A 23-year-old ban on pit bulls, passed after the vicious mauling of a 7-year-old girl, is up for a vote in Miami-Dade County.
Pit bull advocates blame the ban on overheated emotions and say they are working to free dogs from unfair imprisonment. But the girl who was mauled, now a 31-year-old hospital administrator, says the ban’s critics are playing on the emotions of animal lovers at the expense of public safety.
If a ballot measure repealing the ban is approved Aug. 14, Miami-Dade County would join the rest of Florida, which prohibits breed-specific laws. Miami-Dade’s ban was grandfathered in.
The county commission put the measure on the ballot after the state Legislature rejected a bill that would have overturned Miami-Dade’s exemption. The ban also made news last winter when the Miami Marlins acquired pitcher Mark Buehrle, who owns a pit bull.
Buehrle and his family eventually bought a home in neighboring Broward County so they could keep their dog, Slater. Jamie Buehrle, the pitcher’s wife, has joined pit bull advocates pushing to overturn the Miami-Dade ordinance.
“It obviously angers me because that’s like basing just on looks and not the actual personality of a dog,” said Jamie Buehrle, with Slater on a leash beside her. “It’s just discrimination, there’s no other way around it, there’s no other way to describe it.”
But Melissa Moreira, whose mauling prompted the ban, wants the ordinance to remain on the books.
“I think that if I were bit by a poodle, I wouldn’t have had to have eight major reconstructive plastic surgeries,” said Moreira, whose face and scalp still show faded but distinct scars. The dog attacked her, her mother and grandmother as they were carrying groceries into their house. It pulled back Moreira’s scalp, exposed the bone on her forehead and left her upper lip hanging. As one neighbor fought the dog, another fatally shot it with a handgun.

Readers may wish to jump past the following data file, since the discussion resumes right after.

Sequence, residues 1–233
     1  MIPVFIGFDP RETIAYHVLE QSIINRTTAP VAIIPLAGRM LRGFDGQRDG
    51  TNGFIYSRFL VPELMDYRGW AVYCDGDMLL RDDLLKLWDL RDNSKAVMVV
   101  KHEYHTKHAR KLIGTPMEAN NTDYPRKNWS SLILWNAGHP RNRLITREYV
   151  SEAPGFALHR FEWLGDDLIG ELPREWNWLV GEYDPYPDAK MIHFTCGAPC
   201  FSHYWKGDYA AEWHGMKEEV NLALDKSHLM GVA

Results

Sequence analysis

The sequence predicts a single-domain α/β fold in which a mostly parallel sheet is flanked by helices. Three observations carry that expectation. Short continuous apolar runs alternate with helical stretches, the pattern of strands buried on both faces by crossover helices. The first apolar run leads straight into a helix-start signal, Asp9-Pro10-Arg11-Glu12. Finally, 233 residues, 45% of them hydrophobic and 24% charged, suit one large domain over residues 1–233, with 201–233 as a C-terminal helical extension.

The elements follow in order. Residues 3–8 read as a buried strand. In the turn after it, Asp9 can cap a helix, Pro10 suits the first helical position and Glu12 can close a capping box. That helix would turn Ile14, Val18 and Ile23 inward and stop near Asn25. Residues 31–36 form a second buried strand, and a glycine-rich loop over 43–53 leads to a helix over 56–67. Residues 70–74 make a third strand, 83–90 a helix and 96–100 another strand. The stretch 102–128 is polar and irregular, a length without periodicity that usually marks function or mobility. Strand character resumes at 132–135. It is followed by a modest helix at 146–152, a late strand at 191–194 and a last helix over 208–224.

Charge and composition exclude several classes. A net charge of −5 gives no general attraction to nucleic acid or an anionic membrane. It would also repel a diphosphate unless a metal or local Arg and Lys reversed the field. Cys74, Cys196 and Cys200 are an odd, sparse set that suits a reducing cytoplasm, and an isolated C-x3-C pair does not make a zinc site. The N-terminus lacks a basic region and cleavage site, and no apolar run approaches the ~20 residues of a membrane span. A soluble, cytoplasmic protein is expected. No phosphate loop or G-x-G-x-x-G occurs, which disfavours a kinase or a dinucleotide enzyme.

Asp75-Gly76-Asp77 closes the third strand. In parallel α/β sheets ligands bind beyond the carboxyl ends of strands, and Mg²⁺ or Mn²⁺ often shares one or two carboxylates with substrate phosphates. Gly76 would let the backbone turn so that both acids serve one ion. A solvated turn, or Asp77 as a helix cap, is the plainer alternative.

The people pushing to own pit bulls are “just putting themselves at risk. They’re not taking into account what might happen, and it’s not safe behavior,” Moreira said.
Getting reliable statistics on dog bites is difficult — no government agency tracks them nationally. Director of Miami-Dade animal services, Alex Munoz, said roughly 3,000 dog bites are reported to the county each year, but the agency doesn’t break down the data by breed.
“If you asked me if there was a predominance of pit bull bites versus other dogs, we don’t see a predominance of pit bull bites,” Munoz said. “Some say it’s that the ban works. Some say it’s just because they’re no different from any other dog.”
A recent report by the American Veterinary Medical Association said pit bulls are not necessarily more prone to biting than other breeds such as German shepherds, Rottweilers, Jack Russell terriers and even collies and St. Bernards, but some are made dangerous by owners who abuse them or use them for fighting. A pit bull’s size and strength can make its attacks more lethal, but that also applies to other large dogs, the report said.
The AVMA concluded that because of the lack of solid data, “it is difficult to support the targeting of this breed as a basis for dog bite prevention.”